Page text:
Abuse of alcohol and anxiety tend to amplify each other’s negative effects. Since the two are frequently intertwined, this poses a unique challenge. This blog explains the relationship between alcohol and anxiety.
The Relationship Between Alcohol and Anxiety.
People often struggle with both alcohol and anxiety, a phenomenon known as dual diagnosis. Many people turn to alcohol to relieve their anxiety, while others develop anxiety as a result of their drinking.
What is Anxiety?
People cling to the term whenever they experience nervousness or shyness in an unusual setting or with unfamiliar individuals. Anxiety about an upcoming presentation or project is commonplace, especially for students or employees. Self-medication is common, but real anxiety disorders pose a considerably greater risk if they go untreated. Anxiety is not a homogeneous condition. Multiple types of anxiety disorders exist. Social Anxiety Disorder, Generalized Anxiety Disorder (GAD), Panic Disorder, and specific phobias are among the diverse range of anxiety disorders that can impact daily life, relationships, and overall mental health.
Can Alcohol Lead to Anxiety?
In the eyes of society at large, alcohol consumption is a short-term solution to relieving anxiety and forgetting about current stresses. It’s vital to remember that alcohol can’t eliminate the source of one’s problems. No matter the source of one’s anxiety — money woes, untreated depression, or past trauma — alcohol is only a short-term fix. The longer someone depends on alcohol to assist in controlling their anxiety, the more in danger they become of having a full-blown alcohol use problem. Furthermore, the longer one stays in this cycle, the greater the likelihood that anxiety symptoms may lurk. This is particularly probable to happen if the overall causes aren’t handled or addressed.
Anxiety can also develop in a person with a history of heavy alcohol consumption because they lose the capacity to deal with stress healthily. That’s why alcohol is capable of exacerbating anxiety in some people. How, therefore, does alcohol affect anxiety? Alcohol affects the amygdala, the part of the brain that controls negative emotions. Functional abnormalities in the amygdala have been detected in many people with alcohol consumption disorder, according to brain imaging studies.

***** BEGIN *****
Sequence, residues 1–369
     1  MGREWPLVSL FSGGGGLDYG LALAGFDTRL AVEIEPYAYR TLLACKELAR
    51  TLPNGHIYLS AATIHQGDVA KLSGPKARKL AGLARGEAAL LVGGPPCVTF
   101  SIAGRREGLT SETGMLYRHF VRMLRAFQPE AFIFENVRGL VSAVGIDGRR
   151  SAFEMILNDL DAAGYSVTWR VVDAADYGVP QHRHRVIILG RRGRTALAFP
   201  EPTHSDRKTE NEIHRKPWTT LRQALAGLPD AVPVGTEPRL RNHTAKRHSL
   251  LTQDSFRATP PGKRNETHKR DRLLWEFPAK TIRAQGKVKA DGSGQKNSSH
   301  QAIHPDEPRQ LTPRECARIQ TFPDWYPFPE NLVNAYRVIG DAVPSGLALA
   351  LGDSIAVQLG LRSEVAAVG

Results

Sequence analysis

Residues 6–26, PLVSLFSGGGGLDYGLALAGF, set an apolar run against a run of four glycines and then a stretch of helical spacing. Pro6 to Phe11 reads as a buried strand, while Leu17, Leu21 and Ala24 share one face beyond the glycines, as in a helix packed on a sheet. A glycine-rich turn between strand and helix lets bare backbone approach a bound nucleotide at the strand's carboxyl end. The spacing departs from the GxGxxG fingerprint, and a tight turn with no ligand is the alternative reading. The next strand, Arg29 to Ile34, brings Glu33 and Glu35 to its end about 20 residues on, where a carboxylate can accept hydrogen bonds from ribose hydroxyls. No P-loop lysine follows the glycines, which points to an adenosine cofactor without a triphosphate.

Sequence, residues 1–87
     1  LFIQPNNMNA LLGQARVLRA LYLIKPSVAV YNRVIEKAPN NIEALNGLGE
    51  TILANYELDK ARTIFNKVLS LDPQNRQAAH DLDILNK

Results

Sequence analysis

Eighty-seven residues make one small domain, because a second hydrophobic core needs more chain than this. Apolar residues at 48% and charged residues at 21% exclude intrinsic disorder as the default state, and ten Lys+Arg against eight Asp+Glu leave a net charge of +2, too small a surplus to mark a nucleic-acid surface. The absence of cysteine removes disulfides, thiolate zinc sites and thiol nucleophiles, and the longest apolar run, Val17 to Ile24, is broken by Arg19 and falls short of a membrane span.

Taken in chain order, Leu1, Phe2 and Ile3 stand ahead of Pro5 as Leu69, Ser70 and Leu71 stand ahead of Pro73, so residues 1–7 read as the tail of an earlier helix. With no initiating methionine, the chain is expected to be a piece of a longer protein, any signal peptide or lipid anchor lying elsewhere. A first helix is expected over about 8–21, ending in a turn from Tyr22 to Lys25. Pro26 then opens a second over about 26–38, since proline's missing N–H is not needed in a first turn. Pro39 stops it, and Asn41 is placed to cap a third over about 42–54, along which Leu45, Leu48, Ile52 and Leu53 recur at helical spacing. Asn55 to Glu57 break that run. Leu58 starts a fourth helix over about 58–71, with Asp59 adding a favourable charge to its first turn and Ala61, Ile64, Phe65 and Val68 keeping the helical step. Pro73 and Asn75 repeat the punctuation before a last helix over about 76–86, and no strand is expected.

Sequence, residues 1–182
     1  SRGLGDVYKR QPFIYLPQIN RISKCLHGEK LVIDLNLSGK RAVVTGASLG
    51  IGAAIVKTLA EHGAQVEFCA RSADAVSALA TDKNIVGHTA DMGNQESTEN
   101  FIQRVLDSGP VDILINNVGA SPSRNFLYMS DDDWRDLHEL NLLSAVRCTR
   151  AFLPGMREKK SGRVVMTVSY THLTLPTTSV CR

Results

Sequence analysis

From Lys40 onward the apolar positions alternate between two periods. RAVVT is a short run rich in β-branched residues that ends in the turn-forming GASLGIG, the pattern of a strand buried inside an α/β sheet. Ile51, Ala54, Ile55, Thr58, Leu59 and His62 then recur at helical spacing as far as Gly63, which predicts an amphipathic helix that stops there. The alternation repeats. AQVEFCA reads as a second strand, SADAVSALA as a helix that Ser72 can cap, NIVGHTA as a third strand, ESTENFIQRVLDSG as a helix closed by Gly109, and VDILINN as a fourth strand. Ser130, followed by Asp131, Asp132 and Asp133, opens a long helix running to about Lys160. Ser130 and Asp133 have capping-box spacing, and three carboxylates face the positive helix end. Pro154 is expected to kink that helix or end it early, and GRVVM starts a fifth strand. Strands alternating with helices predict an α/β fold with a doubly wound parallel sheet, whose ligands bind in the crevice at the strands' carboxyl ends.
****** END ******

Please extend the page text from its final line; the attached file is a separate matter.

Coexistence Between Alcohol and Anxiety.
Alcohol and anxiety have a complicated and bidirectional interaction. While some people use alcohol as a self-medicating method to relieve the uncomfortable symptoms of anxiety, alcohol intake can paradoxically aggravate anxiety over time. The immediate calming effect of alcohol may provide short comfort, but the ensuing rebound anxiety can exacerbate the pattern, establishing a self-perpetuating cycle of dependence.
Dual Diagnosis Treatment for Alcohol and Anxiety.
Recognizing the interconnected nature of alcohol abuse and anxiety, Dual Diagnosis Treatment emerges as a ray of hope for those struggling with this complex combination. The recognition that both disorders influence and reinforce each other is at the heart of Dual Diagnosis Treatment, demanding an integrated approach.
Skyward Treatment Center’s Dual Diagnosis Treatment includes evidence-based therapies, medical intervention, and psychological support to manage both alcohol use and anxiety at the same time. Specialized professionals work together to develop treatment regimens that are tailored to the specific needs of persons struggling with this dual problem. The emphasis is on breaking the cycle of dependence, strengthening coping strategies, and improving long-term mental well-being, whether through medication-assisted treatment, cognitive-behavioral therapy, or holistic therapies.
Dual Diagnosis Treatment serves as a compass directing clients toward holistic recovery in the domain where alcohol and anxiety collide. If you or a loved one is crossing this perilous junction, contact Skyward Treatment Center for compassionate, all-encompassing care. Break free from the hold of dual problems and embark on a path to a life of resilience, balance, and long-term recovery. Your recovery journey begins here.